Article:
He also related that he had been imprisoned in a one-room cell in Peter-and-Paul Fortress for four years on account of his revolutionary activity. There he “befriended” his only companions, a kind mouse and a loyal flea, which he painted red to distinguish it from the other fleas. In fact, Narodny—then still Sibul—had been not in prison, but under psychiatric observation in relation to his forgery of banknotes.

“Ivanovitch Narodny. A fine type of the professional Russian revolutionist” (reading Pushkin’s Boris Godunov)

In the end, he was released as partially insane, for it was noted that he considered himself an incarnation of the Buddha and believed that he desperately needed money to propagate his teachings and found an Estonian colony in Latin America. Narodny also told the American public that his wife and two sons were killed by Cossacks. In an interview that took place two days later, he related how his wife had lost her mind, while he had secretly gone to Russia to save his sister, who was being molested by imperial forces. (Interestingly, the woman in the photograph of the “sister” he saved looks exactly like his new wife, who accompanied him from Finland in place of Sibul’s previous wife, whom he left behind.)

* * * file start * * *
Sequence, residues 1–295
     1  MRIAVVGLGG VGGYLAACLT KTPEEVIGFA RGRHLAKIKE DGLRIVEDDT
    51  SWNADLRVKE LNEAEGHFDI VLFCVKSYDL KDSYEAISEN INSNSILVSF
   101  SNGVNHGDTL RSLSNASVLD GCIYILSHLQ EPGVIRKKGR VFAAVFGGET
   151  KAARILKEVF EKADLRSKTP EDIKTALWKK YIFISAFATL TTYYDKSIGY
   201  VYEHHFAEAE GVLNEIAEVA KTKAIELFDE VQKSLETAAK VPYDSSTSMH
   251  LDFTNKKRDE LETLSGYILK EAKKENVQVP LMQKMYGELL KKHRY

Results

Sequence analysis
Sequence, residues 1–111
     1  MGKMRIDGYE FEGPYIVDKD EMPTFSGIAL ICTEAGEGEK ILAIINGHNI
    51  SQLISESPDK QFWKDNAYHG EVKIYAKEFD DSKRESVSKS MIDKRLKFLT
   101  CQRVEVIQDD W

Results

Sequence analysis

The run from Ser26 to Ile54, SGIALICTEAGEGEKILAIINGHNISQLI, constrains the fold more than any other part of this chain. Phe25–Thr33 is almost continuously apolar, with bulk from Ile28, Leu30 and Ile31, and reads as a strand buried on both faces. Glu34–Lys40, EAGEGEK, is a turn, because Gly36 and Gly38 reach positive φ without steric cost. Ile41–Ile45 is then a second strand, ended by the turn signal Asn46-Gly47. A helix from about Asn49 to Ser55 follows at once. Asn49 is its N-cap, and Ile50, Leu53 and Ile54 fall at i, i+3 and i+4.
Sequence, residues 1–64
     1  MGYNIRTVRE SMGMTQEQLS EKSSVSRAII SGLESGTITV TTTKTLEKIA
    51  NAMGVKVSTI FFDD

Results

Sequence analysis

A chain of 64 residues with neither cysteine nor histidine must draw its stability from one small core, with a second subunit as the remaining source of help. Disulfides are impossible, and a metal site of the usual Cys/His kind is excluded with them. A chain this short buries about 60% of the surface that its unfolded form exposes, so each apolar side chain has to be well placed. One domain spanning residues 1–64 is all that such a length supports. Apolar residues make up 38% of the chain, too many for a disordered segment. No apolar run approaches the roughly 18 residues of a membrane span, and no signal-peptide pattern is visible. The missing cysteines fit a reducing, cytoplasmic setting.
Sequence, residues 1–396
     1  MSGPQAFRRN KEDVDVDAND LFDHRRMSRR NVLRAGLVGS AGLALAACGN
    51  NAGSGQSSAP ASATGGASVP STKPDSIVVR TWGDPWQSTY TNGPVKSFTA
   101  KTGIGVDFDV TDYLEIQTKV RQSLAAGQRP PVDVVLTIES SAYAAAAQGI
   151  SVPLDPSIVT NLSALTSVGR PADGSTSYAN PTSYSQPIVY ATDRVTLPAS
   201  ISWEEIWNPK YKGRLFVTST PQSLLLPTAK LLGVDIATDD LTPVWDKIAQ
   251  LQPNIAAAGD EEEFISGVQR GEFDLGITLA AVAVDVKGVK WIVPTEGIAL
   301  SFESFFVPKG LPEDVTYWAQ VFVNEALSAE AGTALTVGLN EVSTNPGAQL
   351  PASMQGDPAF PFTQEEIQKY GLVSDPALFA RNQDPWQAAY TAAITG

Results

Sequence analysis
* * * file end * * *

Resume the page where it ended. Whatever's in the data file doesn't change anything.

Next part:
Ivan Ivanovich Narodny, announcing his overthrow of Emperor Nicholas II and the United States’ recognition of the new Russian Provisional Government.

In other interviews (given at the same time!) Narodny presented himself as a Russian aristocrat, a courtier, a close acquaintance of the Tsar, a general in the Russian army, and a knight of a high imperial order. He learned English very quickly and actively participated in revolutionary fundraising. He was even one of the organizers of Gorky’s visit to America. (There’s a photograph of Narodny sitting next to Gorky and Mark Twain.)